Monday, February 12, 2007

In the Writer's Room

Last week, was a busy one for me. My car broke down. It needs a part, I can't afford. Things are taking off in my g/f's life, so it's hectic, but in a good way.

As I have mentioned before, I am interning on a television show. What I haven't mentioned is that I drive a fair distance to and from this internship each day. And it's starting to add up. Wearing me down. Time spent in the car (and normally I love driving) could be spent doing other things.

But they let me sit in the writer's room and listen to them break story. Somehow, this makes it all worthwhile.

And yet, I am afraid I may have made a complete jackass out of myself.

You see, I am the type of person that is very shy. I can not possibly ask to be let into a room like this. I beat around the bush. A lot. It also doesn't help that the writers are also Executive Producers of the show. Not only do I look up to them as possible mentors, but they are the ones in charge. Every reason in the world to be nervous, right?

I have read all their scripts, kept up to date with the story, and am writing a spec based on the show (Not necessarily for them, but I figure if the show takes off, being a front-runner with a spec in a medium where speed is prized couldn't hurt). And here I was... simply listening to them break story. The really interesting part is that they are down to their last three episodes of the season. So, things are really heating up story-wise.

There were numerous ideas pitched back and forth and not one was shot down. I know! All of you writers, and soon to be writers, out there gasp in amazement. There was no teacher, agent, or anybody criticizing. The good ideas would stay afloat and bad ideas would simply fall out of discussion. Very interesting. Film school, nor any experience I've had with features (which admittedly is limited) has had anything to do with developing ideas into the best they could possibly be. Usually they are deemed interesting enough to read (send your script in) or not. There is none of the back and forth to really make a story shine. In the old days, I believe this was called development.

I listened for hours, and they finally hit a sticky point that had split the room.

The problem was... I was bursting with ideas. I wanted to add to the discussion, so badly... but who am I? I am just an unpaid intern. Bite your tongue peon! I had been for the duration, but at this lull, I politely asked if I could give my two cents.

And they said, "Go ahead."

I don't know how it happened, but my body was instantly covered in sweat. Head to toe. The room was red-hot. My face was flushed. I immediately regretted piping up. I stammered out an idea that I thought would not only up the stakes for the episode, but provide jeopardy for the remainder of the series.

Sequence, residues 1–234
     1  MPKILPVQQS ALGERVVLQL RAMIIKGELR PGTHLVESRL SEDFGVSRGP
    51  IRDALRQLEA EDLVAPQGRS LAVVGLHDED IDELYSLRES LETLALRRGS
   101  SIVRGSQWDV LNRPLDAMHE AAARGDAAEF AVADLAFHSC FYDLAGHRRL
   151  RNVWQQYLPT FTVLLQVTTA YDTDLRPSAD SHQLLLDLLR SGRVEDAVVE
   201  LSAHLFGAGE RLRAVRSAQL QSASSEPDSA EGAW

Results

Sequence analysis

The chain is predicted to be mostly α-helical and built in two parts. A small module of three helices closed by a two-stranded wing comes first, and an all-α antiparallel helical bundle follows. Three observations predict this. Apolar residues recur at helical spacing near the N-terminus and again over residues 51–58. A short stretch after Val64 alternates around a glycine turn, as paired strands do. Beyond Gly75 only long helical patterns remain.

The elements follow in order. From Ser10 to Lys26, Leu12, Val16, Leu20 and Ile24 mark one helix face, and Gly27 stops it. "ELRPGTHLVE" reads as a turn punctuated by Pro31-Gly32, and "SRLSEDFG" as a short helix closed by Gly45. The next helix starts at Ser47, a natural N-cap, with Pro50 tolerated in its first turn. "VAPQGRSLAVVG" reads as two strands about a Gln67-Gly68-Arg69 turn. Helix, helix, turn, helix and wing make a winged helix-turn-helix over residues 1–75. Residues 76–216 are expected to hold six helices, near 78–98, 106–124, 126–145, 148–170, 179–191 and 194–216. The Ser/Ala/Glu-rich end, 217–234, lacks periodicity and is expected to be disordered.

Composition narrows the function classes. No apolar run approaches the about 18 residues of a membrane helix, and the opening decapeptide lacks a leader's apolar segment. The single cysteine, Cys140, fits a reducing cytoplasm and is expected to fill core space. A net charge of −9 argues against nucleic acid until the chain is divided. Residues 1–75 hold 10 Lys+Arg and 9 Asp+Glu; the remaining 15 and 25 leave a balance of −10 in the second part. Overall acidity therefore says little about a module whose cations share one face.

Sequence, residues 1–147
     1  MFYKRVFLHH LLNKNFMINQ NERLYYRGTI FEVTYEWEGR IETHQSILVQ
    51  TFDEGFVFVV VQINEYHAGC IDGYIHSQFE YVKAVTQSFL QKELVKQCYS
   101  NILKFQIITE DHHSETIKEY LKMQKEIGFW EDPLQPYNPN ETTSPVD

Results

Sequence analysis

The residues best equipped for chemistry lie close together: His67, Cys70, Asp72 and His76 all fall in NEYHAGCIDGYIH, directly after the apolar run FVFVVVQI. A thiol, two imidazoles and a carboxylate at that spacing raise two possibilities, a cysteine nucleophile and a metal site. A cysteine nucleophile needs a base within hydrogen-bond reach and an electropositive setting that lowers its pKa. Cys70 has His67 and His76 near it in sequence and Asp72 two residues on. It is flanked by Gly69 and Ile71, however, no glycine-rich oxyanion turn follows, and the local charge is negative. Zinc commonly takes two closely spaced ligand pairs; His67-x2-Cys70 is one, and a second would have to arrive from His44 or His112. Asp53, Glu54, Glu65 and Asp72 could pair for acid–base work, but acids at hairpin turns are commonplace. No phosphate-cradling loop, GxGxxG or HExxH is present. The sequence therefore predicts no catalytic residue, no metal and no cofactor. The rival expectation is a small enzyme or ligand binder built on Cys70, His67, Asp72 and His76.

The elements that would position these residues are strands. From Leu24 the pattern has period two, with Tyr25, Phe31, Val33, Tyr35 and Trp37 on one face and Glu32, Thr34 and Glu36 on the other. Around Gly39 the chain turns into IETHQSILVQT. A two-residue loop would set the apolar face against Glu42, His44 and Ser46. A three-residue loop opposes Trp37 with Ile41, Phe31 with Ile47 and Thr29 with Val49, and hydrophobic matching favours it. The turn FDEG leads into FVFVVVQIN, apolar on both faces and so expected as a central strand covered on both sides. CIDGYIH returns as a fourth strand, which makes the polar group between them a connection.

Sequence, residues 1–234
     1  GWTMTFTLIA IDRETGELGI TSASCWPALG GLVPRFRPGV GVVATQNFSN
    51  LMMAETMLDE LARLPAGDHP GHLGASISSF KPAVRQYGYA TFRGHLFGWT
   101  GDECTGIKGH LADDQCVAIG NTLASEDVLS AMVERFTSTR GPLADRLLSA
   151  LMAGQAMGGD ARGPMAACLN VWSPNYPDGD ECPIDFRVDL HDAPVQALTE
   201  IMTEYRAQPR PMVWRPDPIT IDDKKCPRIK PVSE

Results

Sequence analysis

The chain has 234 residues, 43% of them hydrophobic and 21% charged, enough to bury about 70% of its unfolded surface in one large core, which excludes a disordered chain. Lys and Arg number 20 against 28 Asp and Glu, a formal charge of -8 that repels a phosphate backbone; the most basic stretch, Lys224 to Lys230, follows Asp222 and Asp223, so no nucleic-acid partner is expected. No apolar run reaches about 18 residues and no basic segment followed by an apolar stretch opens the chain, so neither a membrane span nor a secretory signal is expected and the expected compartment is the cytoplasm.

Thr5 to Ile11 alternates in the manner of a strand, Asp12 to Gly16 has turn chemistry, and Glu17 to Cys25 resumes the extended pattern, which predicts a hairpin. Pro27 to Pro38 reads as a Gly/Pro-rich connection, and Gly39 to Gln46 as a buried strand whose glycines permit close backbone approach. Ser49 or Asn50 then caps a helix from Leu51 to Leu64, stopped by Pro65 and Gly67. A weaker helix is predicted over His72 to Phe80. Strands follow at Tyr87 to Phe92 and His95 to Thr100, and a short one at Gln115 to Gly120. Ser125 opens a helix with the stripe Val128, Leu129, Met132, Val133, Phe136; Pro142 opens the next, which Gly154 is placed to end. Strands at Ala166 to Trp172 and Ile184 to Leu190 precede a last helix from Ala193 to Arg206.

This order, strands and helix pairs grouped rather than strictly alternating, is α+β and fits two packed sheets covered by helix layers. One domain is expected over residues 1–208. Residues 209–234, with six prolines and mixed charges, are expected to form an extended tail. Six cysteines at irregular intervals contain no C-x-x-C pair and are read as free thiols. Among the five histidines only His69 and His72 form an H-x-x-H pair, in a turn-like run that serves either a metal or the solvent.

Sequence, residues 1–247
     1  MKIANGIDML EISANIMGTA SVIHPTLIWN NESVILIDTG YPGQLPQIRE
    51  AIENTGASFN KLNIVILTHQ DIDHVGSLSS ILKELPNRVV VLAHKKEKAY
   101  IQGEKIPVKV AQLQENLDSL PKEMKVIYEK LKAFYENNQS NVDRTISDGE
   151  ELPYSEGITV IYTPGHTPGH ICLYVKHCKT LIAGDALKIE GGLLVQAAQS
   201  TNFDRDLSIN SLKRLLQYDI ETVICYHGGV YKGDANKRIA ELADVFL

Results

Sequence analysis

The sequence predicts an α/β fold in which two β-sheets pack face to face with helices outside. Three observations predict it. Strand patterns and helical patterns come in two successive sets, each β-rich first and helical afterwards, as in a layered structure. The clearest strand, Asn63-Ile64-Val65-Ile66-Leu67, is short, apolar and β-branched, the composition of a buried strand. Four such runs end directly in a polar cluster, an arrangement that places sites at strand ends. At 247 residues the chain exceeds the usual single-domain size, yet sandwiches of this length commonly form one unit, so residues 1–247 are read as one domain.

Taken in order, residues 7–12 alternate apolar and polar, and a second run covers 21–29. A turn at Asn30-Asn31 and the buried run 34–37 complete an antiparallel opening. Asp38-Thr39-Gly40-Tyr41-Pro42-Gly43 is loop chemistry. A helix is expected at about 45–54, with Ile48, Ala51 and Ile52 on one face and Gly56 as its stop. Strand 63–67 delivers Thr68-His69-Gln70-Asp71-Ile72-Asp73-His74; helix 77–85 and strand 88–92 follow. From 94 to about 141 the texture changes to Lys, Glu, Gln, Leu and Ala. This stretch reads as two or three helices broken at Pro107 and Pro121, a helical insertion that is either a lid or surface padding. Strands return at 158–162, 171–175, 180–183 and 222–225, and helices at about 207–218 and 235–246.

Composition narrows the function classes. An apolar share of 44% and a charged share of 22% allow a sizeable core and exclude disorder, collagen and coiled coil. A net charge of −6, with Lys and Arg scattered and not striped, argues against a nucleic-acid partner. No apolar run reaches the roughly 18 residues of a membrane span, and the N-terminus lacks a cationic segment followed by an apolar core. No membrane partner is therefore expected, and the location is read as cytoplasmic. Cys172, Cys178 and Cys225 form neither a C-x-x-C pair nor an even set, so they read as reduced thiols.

But I could hear it. I probably shouldn't have said anything. They were all very quiet. They let me explain, but I don't think they liked the idea. In fact, at that moment I had the feeling that they thought the idea was stupid and undermined the concept of the show. It may have. Then I politely, if not awkwardly thanked them for letting me speak. As soon as the words "Thank you" left my mouth, they rung in my head as if a judge had made his final verdict. Solid. Definitive. God, I hope it didn't come out like that. I think it only sounded like that in hindsight. In the echo of my memory.

I was truly honored that I was given a chance to say anything. My thank you was very sincere.

Luckily, it was treated as such. They very politely thanked me for my idea, told me it was a good one, but not to be surprised if it wasn't used. And the session continued on.

Now, I have no idea if they were just brushing it aside or if they really felt like it had merit. But you know what? I really don't care. I was able to sit in on the process of a television show as it is being created. Not only that, but I got to speak up, even if just for a moment. And I did so without making a complete jackass out of myself.

To me that was worth it. Especially, the not making a jackass out of my self part. I tend to be a master at that, unintentional or otherwise.

Now, I have to work up the nerve to see if I can sit in again, and this time not say anything at all.


Anonymous said...

is that why writers always wear sweat pants in meetings? (ha, good stuff here)

Shelley said...


If talking in front of people makes you want to lie on a bed of nails, I recommend Toastmasters. I'm not a member any more, so no reason for me to push it -- but it really does help with ad-hoc and public speaking.

Emily Blake said...

In the end they'll probably remember that you had the guts to speak up and respect that. It shows you have potential but maybe aren't ready yet to join the big leagues. And there's nothing wrong with that because every writer in that room was there once.

James said...


Shelley said...

Yup., with several different branches in the LA area. They basically work on the art of public speaking.